London: At the turn of the new millennium, India had planned to reduce its illiteracy by 50 percent in 15 years but it could only reach only the midway point.
According to a new Unesco global education report released on Thursday, the country could manage to reduce illiteracy rate only by 26 percent. Nearly 68 percent illiterate adults in India are women, the report says.
The world now has some 781 million illiterate adults.
Adult illiteracy has been a serious global worry. Only 17 out of 73 countries with a literacy rate below 95 percent in 2000 could halve their illiteracy rate by 2015.
“Literacy is fundamental for participating in society. However, the goal of halving global illiteracy rates by 2015 has been missed,” according to the report.
In South Asia, the adult female literacy rate increased from 47 percent in 2000 to 52 percent in 2010 and is expected to reach 60 percent by 2015, when the projected gender parity index will be 76 literate women for every 100 literate men. Overall, 64 percent of illiterate adults will be female in 2015.
As of 2012, almost 58 million children of primary school age were out of school. Based on the trends of the past five years, 57 million children would still be out of school in 2015.
India tops the list of child brides with about 24 million, around 40 percent of the world’s child marriages. India is also home to 225 million adolescents, nearly one-fifth of the nation’s total population. Around 16 percent of these girls – aged 15-19 – have already begun child bearing and 12 percent have had a live birth.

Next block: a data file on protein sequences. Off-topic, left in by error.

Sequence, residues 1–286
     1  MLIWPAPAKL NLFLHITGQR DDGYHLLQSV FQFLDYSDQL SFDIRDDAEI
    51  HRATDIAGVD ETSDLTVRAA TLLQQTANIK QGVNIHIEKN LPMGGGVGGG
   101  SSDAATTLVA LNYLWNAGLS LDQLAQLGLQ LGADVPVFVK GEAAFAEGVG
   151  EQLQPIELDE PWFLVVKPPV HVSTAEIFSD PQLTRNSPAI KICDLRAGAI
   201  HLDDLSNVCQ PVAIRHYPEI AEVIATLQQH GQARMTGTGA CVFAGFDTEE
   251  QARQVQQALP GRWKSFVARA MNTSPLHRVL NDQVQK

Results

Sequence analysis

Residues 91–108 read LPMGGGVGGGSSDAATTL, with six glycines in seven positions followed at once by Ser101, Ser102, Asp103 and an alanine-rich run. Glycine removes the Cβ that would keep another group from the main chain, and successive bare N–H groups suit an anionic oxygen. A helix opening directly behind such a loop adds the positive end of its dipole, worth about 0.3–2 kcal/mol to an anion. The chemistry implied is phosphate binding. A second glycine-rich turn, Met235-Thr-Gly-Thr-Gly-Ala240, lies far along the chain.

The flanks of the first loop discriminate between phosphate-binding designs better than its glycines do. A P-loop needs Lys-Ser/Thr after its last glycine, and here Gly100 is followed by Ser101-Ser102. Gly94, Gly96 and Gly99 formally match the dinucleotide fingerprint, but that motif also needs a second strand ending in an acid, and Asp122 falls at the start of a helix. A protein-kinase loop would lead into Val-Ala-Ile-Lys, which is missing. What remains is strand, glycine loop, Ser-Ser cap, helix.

There is some good news for India. It is expected to become the only country in South and West Asia in 2015 to have an equal ratio of girls to boys in both primary and secondary education.
Another good news is that rural India saw substantial improvement in nearly all aspects of school facilities and infrastructure.
In 2010, around 45 percent schools had electricity compared to 20 percent earlier and 78 percent roads are paved within one kilometer of schools versus 63 percent earlier.
Since 2000, when countries committed themselves to the global education goals, India has reduced its out of school children by over 90% and Universal Primary Education has been achieved.
The bad news is that early marriage and adolescent pregnancies keep girls out of school in India.
In 41 countries, 30 percent women aged 20 to 24 were married by the age of 18. As many as 36.4 million women in developing countries aged 20 to 24 reported having given birth before age 18 and 2 million before age 15, The Times of India reported.
One of the main reasons behind an improvement in the number of girls visiting schools is the building of bathrooms. The report says “In India after a school latrine construction effort in the early 2000s, girls’ enrolment increased more than that of boys’ in schools with latrines. At younger ages, girls and boys both benefited substantially from latrines but separate latrines were a critical factor in adolescent girls’ enrolment”.
The report says that the problem of out-of-school children is becoming increasingly concentrated in conflict affected countries, where the proportion increased from 30 percent in 1999 to 36 percent in 2012.
As many as 100 million children are still not completing primary education, 61 million adolescents remain out of school and one third of adolescents in low income countries will not complete lower secondary school in 2015.
Globally, 47 percent of countries achieved universal pre-primary enrolment and another 8 percent were close, including India. Around 52 percent of countries achieved the target of universal enrolment in primary education, including India; 10% are close and the remaining 38 percent are far or from achieving it.
The numbers of pupils per teacher decreased in 83 percent countries between 1990 and 2012 at the primary level, but 4 million more teachers are still needed.